Despite its toxicity, the colourless, odourless carbon monoxide will form the basis for a new treatment to be tested among sicklers in Jamaica, and if found to be successful, could lead to a better life for sickle cell patients worldwide.
The treatment is being developed by Sangart Inc, a global biopharmaceutical company that produces life-saving medicines that targets oxygen-deprived tissues. After more than a decade of research, the company has combined the human haemoglobin with carbon monoxide to create MP4CO, and will be conducting trials in Jamaica, France and the United Kingdom to determine the efficacy of this treatment for humans.
Sickle cell disease is a genetic disorder which results in carriers developing abnormal haemoglobin molecules, thereby impacting on the transportation of oxygen to the various tissues. As a result of this, sicklers usually experience painful crisis and develop other conditions such as anaemia.
Head of the Sickle Cell Unit in Jamaica, Professor Marvin Reid, told the Observer that the unit agreed to the study due to the fact that treatment options for sickle cell patients are very limited. It is his hope that the drug will be found useful in the treatment of painful conditions or painful crisis that occurs with sickle cell disease.
"Currently, the treatment options are limited and could be described as basically supportive therapy. So what we do is that we treat you whenever it is that you have a complication, or there is an option of doing bone morrow transplant which is only done in first world countries. That in itself is considered to be experimental therapy because they don't have enough evidence currently as to its long term effect," he said.
"This company, Sangart, has developed a molecule which is the derivative of haemoglobin and what they have done is that they have attached to this haemoglobin molecule carbon monoxide, so that when you use or infuse this particular modecule into a human, what happens is that it releases some of this carbon monoxide and we think this is one mechanism or one method that it will use to induce some benefits in sickle cell," he explained.
While the UK has already recruited at least one patient for testing, Jamaica and France are yet to start testing their first patient. However, Professor Reid said his unit is just only now in the process of recruiting healthy volunteers for treatment. The study has been approved by the University of the West Indies, Mona Campus, where the unit is located, as well as by the Ministry of Health.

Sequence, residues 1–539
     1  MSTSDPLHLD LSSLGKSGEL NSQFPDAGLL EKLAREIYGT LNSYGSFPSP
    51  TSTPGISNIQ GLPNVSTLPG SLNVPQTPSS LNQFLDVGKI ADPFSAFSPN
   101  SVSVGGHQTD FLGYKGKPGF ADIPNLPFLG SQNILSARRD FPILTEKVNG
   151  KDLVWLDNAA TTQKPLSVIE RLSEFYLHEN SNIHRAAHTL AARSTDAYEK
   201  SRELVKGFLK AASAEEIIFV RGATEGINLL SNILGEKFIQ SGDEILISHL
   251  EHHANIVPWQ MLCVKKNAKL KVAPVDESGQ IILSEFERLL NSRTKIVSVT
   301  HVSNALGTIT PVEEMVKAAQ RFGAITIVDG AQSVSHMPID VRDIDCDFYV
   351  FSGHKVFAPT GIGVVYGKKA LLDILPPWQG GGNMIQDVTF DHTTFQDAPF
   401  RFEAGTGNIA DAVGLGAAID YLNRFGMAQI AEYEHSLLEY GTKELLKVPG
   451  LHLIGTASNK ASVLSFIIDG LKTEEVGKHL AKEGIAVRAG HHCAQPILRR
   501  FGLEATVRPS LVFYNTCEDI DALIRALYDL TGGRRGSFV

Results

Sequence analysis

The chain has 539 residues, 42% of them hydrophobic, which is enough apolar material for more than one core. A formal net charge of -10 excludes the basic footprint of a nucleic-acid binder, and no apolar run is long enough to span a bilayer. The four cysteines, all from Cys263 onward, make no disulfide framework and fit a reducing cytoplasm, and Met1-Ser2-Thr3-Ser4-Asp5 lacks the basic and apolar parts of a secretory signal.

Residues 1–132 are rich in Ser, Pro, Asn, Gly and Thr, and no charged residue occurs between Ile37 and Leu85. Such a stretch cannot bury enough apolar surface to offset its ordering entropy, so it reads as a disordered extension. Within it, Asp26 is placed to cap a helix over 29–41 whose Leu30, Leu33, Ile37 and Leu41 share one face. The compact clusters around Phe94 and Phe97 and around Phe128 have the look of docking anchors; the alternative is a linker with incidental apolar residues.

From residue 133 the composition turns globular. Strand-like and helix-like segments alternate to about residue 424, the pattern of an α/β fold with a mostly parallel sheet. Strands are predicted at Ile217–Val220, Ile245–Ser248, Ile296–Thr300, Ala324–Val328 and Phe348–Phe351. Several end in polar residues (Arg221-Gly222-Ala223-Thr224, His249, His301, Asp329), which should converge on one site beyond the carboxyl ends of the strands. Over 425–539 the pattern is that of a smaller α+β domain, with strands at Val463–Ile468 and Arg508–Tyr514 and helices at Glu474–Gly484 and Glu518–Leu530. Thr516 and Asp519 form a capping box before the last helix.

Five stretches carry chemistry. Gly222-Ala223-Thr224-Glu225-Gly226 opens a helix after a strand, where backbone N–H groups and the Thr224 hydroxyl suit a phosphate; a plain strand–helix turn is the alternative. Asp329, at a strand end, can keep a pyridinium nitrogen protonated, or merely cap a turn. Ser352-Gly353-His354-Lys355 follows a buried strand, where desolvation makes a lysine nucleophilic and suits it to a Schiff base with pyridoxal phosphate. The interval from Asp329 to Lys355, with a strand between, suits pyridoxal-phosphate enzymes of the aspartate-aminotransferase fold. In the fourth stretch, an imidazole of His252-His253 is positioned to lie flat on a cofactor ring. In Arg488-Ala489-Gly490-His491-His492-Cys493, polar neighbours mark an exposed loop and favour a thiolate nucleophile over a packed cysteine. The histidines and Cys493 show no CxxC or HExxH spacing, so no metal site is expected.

"What we are trying to do is to just determine what is the appropriate dose and whether or not there are any major issues with regards to the drug, because you cannot predict everything, you have to test it to see whether or not there are any effects at all that you didn't anticipate based on your understanding of the chemistry or the modecule," Reid said.
Carbon monoxide is generally referred to as the silent killer because although it is very hard to detect, it can prove fatal when inhaled. A study which was published in the American Society of Hematology in 1975 entitled, "The effect of carbon monoxide on red cell life span in sickle cell disease", saw the administering of carbon monoxide at a concentration of 1,000-2,000 ppm (parts per million) to sickle cell disease patients.
"The administration of carbon monoxide is not recommended as a treatment for sickle cell disease. However, further trials would seem to be justified if conducted under careful controlled conditions," the study concluded.
Professor Reid admits that inhaling carbon monoxide can be toxic to humans and it is for this reason he said that Sangart Inc will be administering it intravenously to patients instead.
"The expectation — and this has been borne out by our lab studies — is that you will not get the level of carbon monoxide that you will get with the inhalation route," he said.
"So at low concentration, it is very good, at high concentration which is what everybody knows about, carbon monoxide is dangerous because it causes you to basically suffocate really," he pointed out.
Still, he said, they are not sure what the effects of this treatment will be, even when taken intravenously since this is only the first phase of this study.
"At the end of the day, if it turns out that the side effects are such that it makes no sense, then obviously then we can't proceed," he said.
While he could not say how many Jamaicans were born with sickle cell disease or carried the trait, Professor Reid said the figure exceeds those living with congenital heart disease.
Sustained efforts to get sickle cell drugs listed among those that are subsidised by the National Health Fund have proven futile since the agency has not updated it's list for some time now.
Prior to the change in government, Professor Reid said a memorandum of understanding (MOU) was being worked on between his unit and the Ministry of Health, which if signed could see sicklers getting better access to drugs. It is his hope that the new health minister will facilitate this MOU coming into effect.